This quiz was adapted from an ACM programming challenge at the suggestion of Gavin Kistner.

Simple math can be done with toothpicks alone. Positive integers are just a count of toothpicks so three becomes |||. We can use two toothpicks together to build a plus sign (+) or even tilt those slightly to get a multiplication operator (x). Putting all of that together, the expression ||x||||+| is another way to express the number nine.

This weeks quiz is to write a program that takes a single command-line argument which will be a positive integer. Your code should build a toothpick expression to calculate the number using as few toothpicks as possible. For example:

$ruby toothpick.rb 9

|||x||| = 9 (8 toothpicks)

Don't forget to count those operators!

Posting toothpick expressions and/or counts for a given number is not spoiler material.

Quiz Summary

I think this was a pretty challenging quiz. I've played around with many of the solutions and noted that some become pretty sluggish with large numbers and at least one still seems to get some incorrect answers. That's not do to bad coding mind you, it's just a challenging problem to get right.

The solutions are very interesting browsing material though, despite any problems. I saw an RSpec specification, clever math, metaprogramming, and even a little golf. Do take the time to search through them. It's worth it.

I've chosen to talk a little about Frank Fischer's entry below. It was significantly smaller than most entries and easy enough to grasp the inner workings of. There were faster solutions though.

Let's get to the code:

class ToothNumber

attr_reader :value, :num, :pic

def initialize value, num=value, pic=("|"*num)

@value, @num, @pic = value, num, pic

end

def + x; operation(:+, 2, "+", x); end

def * x; operation(:*, 2, "x", x); end

def <=> x; @num <=> x.num; end

def to_s; "#{@pic} = #{@value} (#{@num} Toothpicks)"; end

private

# create new ToothNumber using an operation

def operation meth, n_operator_sticks, operator, x

ToothNumber.new @value.send(meth, x.value),

@num + x.num + n_operator_sticks,

@pic + operator + x.pic

end

end

# ...

This class is a representation of a toothpick number. These numbers support the standard operators, so you can work with them much like you do Ruby's native numbers. Here's an IRb session showing such operations:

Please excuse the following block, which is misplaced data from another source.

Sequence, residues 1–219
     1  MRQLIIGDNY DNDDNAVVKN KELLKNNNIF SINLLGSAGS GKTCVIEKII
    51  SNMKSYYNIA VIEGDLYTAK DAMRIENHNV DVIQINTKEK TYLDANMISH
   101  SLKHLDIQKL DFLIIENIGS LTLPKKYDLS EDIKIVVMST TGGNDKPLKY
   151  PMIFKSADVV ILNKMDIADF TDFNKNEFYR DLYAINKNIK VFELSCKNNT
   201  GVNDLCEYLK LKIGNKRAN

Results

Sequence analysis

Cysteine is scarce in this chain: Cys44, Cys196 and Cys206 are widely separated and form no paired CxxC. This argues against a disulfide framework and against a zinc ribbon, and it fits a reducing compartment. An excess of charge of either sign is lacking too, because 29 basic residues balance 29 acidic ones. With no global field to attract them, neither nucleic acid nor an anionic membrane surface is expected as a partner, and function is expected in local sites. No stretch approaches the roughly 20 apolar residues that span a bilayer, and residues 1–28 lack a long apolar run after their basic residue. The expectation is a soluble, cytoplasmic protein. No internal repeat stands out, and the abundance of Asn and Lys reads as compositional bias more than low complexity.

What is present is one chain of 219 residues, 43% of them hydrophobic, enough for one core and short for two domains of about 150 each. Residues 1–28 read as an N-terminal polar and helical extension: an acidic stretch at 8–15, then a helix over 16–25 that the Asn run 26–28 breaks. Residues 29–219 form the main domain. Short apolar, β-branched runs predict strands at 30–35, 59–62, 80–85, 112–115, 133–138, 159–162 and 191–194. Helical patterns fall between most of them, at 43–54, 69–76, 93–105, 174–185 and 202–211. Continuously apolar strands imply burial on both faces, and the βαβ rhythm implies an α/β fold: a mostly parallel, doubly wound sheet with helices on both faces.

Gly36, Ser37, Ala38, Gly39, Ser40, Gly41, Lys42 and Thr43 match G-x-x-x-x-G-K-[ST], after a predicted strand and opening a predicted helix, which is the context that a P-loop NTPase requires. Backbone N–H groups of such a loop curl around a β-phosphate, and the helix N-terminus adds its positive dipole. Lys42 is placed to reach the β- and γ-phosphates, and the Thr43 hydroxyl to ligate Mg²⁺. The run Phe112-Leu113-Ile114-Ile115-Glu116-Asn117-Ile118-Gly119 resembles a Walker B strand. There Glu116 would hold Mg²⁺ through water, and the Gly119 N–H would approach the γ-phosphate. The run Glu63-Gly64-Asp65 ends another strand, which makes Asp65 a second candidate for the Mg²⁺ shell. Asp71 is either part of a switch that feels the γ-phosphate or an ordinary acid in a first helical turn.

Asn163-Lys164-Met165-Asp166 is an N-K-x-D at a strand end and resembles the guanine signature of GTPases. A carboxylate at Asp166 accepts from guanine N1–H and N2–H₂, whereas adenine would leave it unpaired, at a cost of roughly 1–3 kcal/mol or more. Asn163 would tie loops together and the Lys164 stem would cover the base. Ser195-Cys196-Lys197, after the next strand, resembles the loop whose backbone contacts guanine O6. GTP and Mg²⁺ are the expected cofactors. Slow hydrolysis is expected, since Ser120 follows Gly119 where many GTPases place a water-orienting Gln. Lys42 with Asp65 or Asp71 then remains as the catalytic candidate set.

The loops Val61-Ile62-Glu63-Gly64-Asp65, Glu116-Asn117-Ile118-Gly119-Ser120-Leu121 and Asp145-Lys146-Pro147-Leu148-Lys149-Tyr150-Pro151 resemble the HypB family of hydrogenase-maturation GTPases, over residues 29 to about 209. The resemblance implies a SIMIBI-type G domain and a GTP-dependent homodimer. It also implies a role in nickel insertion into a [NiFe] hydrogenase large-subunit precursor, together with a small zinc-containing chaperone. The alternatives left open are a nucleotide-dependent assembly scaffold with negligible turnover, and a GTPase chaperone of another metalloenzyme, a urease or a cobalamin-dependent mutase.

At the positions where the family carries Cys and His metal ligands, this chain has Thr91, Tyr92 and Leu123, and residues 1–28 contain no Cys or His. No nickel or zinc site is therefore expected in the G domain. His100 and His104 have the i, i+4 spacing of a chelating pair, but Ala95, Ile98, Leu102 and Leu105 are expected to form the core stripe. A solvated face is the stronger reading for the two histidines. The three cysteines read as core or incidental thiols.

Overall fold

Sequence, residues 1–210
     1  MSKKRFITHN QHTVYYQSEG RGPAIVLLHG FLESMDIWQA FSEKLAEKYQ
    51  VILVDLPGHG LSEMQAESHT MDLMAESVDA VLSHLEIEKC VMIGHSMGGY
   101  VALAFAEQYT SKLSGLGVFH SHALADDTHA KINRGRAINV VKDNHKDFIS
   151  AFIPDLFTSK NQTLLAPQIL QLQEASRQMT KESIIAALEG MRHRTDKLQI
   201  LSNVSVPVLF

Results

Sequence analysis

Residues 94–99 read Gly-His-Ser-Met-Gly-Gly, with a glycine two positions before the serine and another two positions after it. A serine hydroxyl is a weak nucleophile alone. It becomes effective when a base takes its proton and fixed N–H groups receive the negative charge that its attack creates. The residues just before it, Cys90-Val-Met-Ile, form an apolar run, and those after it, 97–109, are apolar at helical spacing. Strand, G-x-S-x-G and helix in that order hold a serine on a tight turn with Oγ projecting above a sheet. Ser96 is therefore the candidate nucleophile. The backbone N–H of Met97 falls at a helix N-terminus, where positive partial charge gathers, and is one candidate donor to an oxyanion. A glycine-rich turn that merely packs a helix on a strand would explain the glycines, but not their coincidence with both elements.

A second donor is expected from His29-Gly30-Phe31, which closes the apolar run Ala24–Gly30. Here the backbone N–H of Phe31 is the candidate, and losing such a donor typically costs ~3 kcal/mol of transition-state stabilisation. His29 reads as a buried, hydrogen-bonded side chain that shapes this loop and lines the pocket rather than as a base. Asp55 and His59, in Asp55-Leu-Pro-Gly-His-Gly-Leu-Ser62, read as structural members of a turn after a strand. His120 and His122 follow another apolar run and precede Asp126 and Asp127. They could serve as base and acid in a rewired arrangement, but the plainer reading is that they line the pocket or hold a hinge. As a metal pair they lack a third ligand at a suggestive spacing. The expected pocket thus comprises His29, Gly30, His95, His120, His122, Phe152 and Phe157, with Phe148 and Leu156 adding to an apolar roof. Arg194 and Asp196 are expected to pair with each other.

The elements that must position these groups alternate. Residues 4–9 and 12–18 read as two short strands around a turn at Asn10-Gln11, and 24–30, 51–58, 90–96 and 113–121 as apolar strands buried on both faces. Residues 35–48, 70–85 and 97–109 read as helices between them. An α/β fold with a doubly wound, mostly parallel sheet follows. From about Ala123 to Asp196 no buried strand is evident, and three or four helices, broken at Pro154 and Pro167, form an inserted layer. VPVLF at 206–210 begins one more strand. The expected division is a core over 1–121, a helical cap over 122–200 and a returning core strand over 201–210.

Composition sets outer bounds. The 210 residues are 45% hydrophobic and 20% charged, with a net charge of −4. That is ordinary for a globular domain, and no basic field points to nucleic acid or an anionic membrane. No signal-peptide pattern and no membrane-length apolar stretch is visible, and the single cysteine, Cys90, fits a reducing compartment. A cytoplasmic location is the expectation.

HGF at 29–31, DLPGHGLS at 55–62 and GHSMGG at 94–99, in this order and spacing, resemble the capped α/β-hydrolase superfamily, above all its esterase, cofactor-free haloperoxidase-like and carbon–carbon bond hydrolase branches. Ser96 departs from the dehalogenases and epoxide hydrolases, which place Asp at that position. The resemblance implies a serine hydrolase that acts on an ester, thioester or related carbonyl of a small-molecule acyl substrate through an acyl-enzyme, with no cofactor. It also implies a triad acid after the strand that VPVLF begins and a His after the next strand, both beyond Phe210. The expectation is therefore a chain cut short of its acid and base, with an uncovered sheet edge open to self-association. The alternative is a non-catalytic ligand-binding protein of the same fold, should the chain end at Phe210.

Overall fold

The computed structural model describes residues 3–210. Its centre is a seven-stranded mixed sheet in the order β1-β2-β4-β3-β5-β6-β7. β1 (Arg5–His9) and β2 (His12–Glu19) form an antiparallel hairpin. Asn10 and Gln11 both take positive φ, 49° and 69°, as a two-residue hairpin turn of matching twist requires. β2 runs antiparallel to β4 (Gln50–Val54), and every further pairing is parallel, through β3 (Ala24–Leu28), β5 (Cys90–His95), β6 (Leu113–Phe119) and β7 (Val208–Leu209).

=> #<ToothNumber:0x10a3588 @pic="||", @value=2, @num=2>

>> three = ToothNumber.new(3)

=> #<ToothNumber:0x109c2ec @pic="|||", @value=3, @num=3>

>> six = two * three

=> #<ToothNumber:0x10935d4 @pic="||x|||", @value=6, @num=7>

>> eight = six + two

=> #<ToothNumber:0x108e430 @pic="||x|||+||", @value=8, @num=11>

>> eight.to_s

=> "||x|||+|| = 8 (11 Toothpicks)"

Glancing back at the code, the instance variable @value holds the actual number value, @num confusingly holds the toothpick count, and @pic holds the actual toothpick pattern in String form. Note that ToothNumber objects compare themselves using @num, so lower counts sort first. Beyond that, the only semi-tricky method is operation(). If you break it down though you will see that it just forwards the math to Ruby and manually builds the new count and String.

To see how these are put to use, we need another chunk of code:

# contains minimal multiplication-only toothpick for each number

$tooths = Hash.new {|h,n| h[n] = tooth_mul n}

$tooths_add = Hash.new {|h,n| h[n] = toothpick n}

# should return the minimal toothpick-number

# should only use multiplication

def tooth_mul n

ways = [ToothNumber.new(n)] +

(2..(Math.sqrt(n).to_i)).map{|i|

n % i == 0 ? ($tooths[i] * $tooths[n/i]) : nil

}.compact

ways.min

end

# returns minimal toothpick-number with multiplication and addition

def toothpick n

ways = [$tooths[n]] +

(1..(n/2)).map{|i| $tooths[n-i] + $tooths_add[i] }

ways.min

end

# ...

Start with the $tooths Hash. You can see that it delegates Hash initialization to tooth_mul(), which is just a factor finder. It walks from two to the square root of the number finding all combinations that multiply to the original number. It then uses min() to pull the result with the lowest toothpick count.

Now remember, we're only talking about multiplication at this point. $tooths[10] is going to find the two and five factors and return that as a result, since they have a lower count than the ten factor itself. However, $tooths[13] is just going to return thirteen, since it is a prime number and addition is needed to get a lower count.

That brings us to the other Hash and method, which layer addition on top of these factors. The work here is basically the same: walk the lower numbers building up all the possible sums equal to the passed integer. Because this walk indexes into the $tooths factor Hash though, the results will actually make use of multiplication and addition. That's the answer we are after and again the low count is pulled with min().

Here's the final bit of code that turns it into a solution:

for i in 1..ARGV[0].to_i

puts $tooths_add[i]

end

This just walks a count from one to the passed integer printing toothpick counts. Note that building the bigger numbers isn't generally too much work since the factor cache grows as we count up.

My thanks to all who gave this quiz a go and to Gavin for pointing me to the problem in the first place.

Tomorrow we will try the other 2006 ACM problem I liked...